However, for the second edition of the Introduction, Kojève added a second part to this footnote. There he writes that in 1958 he realized that “the Hegelian-Marxist end of history was not yet to come, but was already a present, here and now.”7 According to Kojève, (especially) the American way of life allows and even induces ordinary people to consume and, thus, turns them into “satisfied animals.” And, Kojève remarks, the Soviet and Chinese citizens of his time also want to consume, to become like Americans. If this happens, he insists, it will mean that the human being who, as we know, is defined by the spirit of ascesis, will disappear. What remains will be human animals. Kojève writes:

After the end of Man, human beings begin building their houses as beavers, making music as cicadas and frogs, playing as young mammals, and making love as adult beasts. This means one cannot say that these human animals will be happy—they will merely be content. The discourse, the Logos will disappear—human language will be like the language of bees. Not only philosophy but also Wisdom will disappear. For in these post-historical animals, there will no longer be any understanding of the World and of the self.8

Wilhelm von Kaulbach, Reynard the Fox, 1846. Source: Art and Picture Collection / The New York Public Library.

Thus, the philosophical project of achieving wisdom at the end of history could collapse. The post-historical state could lose its language, its Logos, and risk falling back into the prehistorical state of nature. And Kojève writes further: “To remain human, Man has to remain ‘a subject opposed to the object.’” Thus, even if “action negating the given and the Error disappears,” humans must also remain opposed to nature beyond the end of the Hegelian-Marxist dialectical process. According to Kojève, the opposition between form and content will lead humanity further than historical battles for mastery: “Post-historical Man must continue to detach form from content, doing so no longer in order to actively transform the latter, but so that he may oppose himself as a pure ‘form’ to himself and to others taken as ‘content’ of any sort.”9 Here the communist state is understood not as a happy return to nature, but rather as a museum in which ascetic, spiritualized human bodies can manifest themselves beyond any utilitarian function.

An artist or a philosopher can practice working ascesis and suppress their natural, animal desires in the name of pure form. But what about the masses—do they have the same ability to choose con-formism over the satisfaction of their natural desires and needs? The answer is: probably yes. While workers traditionally used “free time” after working hours as a period of rest, today one might use this free time to go to “work” at the gym. This example may seem trivial, but it indicates the readiness of the masses to embody a particular “pure” form that in earlier eras was only characteristic of the aristocracy. And in a society in which everybody cares for their own form, the state also keeps its form. The whole state becomes an aesthetic object—a pure form that is opposed to nature, to animality, and to all attempts to return to the world of natural needs and desires. In other words, the post-historical state is still opposed to “corruption”—if by “corruption” one means a loss of form under the influence of different “human, all too human” factors. It remains necessary to protect this form from corruption by time—from the danger of slipping back into a “state of nature” and then maybe also into the history of bloody struggles, wars, and revolutions. If the post-historical state is able to keep its form, the citizens of this state will be perfect con-formists—working not for recognition and reward but in the name of pure, uncorrupted form.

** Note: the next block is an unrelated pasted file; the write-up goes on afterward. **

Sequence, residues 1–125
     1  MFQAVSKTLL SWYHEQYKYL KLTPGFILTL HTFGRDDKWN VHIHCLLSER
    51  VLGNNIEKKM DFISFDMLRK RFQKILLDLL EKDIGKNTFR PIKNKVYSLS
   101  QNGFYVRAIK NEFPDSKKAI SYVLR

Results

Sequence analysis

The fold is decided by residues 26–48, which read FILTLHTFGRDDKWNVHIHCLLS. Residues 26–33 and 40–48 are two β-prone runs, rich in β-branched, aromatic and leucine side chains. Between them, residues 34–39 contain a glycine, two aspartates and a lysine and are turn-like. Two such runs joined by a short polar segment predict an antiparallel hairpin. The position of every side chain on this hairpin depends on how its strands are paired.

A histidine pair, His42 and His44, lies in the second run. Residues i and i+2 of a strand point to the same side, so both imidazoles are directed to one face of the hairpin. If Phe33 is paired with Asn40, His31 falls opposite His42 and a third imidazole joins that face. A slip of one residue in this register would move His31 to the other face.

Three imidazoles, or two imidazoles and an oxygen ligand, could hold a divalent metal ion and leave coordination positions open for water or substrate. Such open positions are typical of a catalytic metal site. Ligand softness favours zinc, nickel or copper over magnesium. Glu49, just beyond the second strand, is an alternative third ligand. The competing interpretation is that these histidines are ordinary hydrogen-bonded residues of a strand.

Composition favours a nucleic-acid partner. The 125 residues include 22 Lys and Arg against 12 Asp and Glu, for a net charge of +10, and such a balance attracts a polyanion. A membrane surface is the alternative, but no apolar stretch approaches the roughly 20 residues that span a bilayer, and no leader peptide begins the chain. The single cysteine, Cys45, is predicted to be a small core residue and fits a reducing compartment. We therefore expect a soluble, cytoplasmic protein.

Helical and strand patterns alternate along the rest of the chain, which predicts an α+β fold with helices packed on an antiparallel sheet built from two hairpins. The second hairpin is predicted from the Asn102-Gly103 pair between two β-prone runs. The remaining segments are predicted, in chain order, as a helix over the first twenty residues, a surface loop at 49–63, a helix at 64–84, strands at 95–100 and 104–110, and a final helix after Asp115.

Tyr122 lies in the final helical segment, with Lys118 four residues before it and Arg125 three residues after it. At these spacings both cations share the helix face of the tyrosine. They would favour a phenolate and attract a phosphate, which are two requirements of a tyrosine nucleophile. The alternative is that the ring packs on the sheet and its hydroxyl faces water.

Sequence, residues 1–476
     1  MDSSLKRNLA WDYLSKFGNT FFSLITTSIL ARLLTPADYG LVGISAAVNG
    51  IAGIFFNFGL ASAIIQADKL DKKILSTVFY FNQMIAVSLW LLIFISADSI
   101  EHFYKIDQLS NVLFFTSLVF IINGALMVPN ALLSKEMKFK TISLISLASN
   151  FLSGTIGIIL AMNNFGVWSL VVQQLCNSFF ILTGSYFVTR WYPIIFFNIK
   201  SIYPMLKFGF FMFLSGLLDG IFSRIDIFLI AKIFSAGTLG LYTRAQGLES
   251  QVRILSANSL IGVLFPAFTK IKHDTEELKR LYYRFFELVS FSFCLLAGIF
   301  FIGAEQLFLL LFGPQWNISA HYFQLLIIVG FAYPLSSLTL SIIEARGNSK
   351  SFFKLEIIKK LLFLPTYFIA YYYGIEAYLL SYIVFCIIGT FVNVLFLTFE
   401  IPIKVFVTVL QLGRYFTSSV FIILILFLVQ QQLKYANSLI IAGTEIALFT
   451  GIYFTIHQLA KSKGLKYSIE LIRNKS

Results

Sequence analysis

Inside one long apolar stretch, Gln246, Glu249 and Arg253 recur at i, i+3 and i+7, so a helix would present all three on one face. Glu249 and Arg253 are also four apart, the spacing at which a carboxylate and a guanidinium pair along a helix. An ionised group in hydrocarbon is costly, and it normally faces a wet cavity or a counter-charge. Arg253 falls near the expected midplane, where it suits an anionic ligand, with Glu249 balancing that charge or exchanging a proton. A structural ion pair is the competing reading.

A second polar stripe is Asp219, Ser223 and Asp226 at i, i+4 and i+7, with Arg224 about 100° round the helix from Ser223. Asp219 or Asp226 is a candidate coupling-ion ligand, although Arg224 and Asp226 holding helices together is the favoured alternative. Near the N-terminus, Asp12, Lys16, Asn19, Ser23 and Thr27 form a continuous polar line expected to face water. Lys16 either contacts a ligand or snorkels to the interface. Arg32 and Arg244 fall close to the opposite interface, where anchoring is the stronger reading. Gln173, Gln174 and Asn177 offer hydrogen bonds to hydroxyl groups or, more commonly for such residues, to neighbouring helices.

Alexandre Kojève, Introduction to the Reading of Hegel (Cornell University Press, 1980), 8–9.


Kojève, Introduction to the Reading of Hegel, 25.


Alexandre Kojève, “The Concrete Paintings of Kandinsky,” Appendix in Lisa Florman, Concerning the Spiritual and the Concrete in Kandinsky’s Art (Stanford University Press, 2014), 154.


Nikolai Tarabukin, From the Easel to the Machine, in Modern Art and Modernism: An Anthology of Critical Texts, ed. Francis Frascina and Charles Harrison (Harper & Row, 1983).


Alexandre Kojève, Sofia, filo-sofia i fenomeno-logiya, manuscript, Bibliotheque National de France, 934 pages.


Kojève, Introduction to the Reading of Hegel, 158–59.


Kojève, Introduction to the Reading of Hegel, 159–62.


Kojève, Introduction to the Reading of Hegel, 159–62.


Kojève, Introduction to the Reading of Hegel, 159–62.

Marxism, Philosophy, Labor & Work
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Boris Groys is a philosopher, essayist, art critic, media theorist, and an internationally renowned expert on Soviet-era art and literature, especially the Russian avant-garde.